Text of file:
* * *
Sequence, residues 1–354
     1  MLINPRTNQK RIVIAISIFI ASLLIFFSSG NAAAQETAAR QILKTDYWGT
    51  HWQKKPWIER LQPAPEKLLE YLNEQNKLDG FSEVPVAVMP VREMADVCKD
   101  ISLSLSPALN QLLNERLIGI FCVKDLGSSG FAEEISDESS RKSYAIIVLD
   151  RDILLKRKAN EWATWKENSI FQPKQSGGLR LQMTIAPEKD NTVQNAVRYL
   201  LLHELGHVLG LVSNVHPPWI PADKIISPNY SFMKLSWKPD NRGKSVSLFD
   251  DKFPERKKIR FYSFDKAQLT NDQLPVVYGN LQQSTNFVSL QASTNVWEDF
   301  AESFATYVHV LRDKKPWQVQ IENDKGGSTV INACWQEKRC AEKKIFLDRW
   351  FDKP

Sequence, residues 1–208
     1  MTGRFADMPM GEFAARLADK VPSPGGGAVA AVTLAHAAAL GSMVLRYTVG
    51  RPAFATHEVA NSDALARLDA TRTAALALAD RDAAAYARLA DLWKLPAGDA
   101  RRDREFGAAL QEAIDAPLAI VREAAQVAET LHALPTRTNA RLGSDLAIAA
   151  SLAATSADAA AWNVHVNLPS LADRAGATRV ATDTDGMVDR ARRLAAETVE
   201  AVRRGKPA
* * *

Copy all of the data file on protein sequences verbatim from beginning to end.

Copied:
Sequence, residues 1–354
     1  MLINPRTNQK RIVIAISIFI ASLLIFFSSG NAAAQETAAR QILKTDYWGT
    51  HWQKKPWIER LQPAPEKLLE YLNEQNKLDG FSEVPVAVMP VREMADVCKD
   101  ISLSLSPALN QLLNERLIGI FCVKDLGSSG FAEEISDESS RKSYAIIVLD
   151  RDILLKRKAN EWATWKENSI FQPKQSGGLR LQMTIAPEKD NTVQNAVRYL
   201  LLHELGHVLG LVSNVHPPWI PADKIISPNY SFMKLSWKPD NRGKSVSLFD
   251  DKFPERKKIR FYSFDKAQLT NDQLPVVYGN LQQSTNFVSL QASTNVWEDF
   301  AESFATYVHV LRDKKPWQVQ IENDKGGSTV INACWQEKRC AEKKIFLDRW
   351  FDKP

Sequence, residues 1–208
     1  MTGRFADMPM GEFAARLADK VPSPGGGAVA AVTLAHAAAL GSMVLRYTVG
    51  RPAFATHEVA NSDALARLDA TRTAALALAD RDAAAYARLA DLWKLPAGDA
   101  RRDREFGAAL QEAIDAPLAI VREAAQVAET LHALPTRTNA RLGSDLAIAA
   151  SLAATSADAA AWNVHVNLPS LADRAGATRV ATDTDGMVDR ARRLAAETVE
   201  AVRRGKPA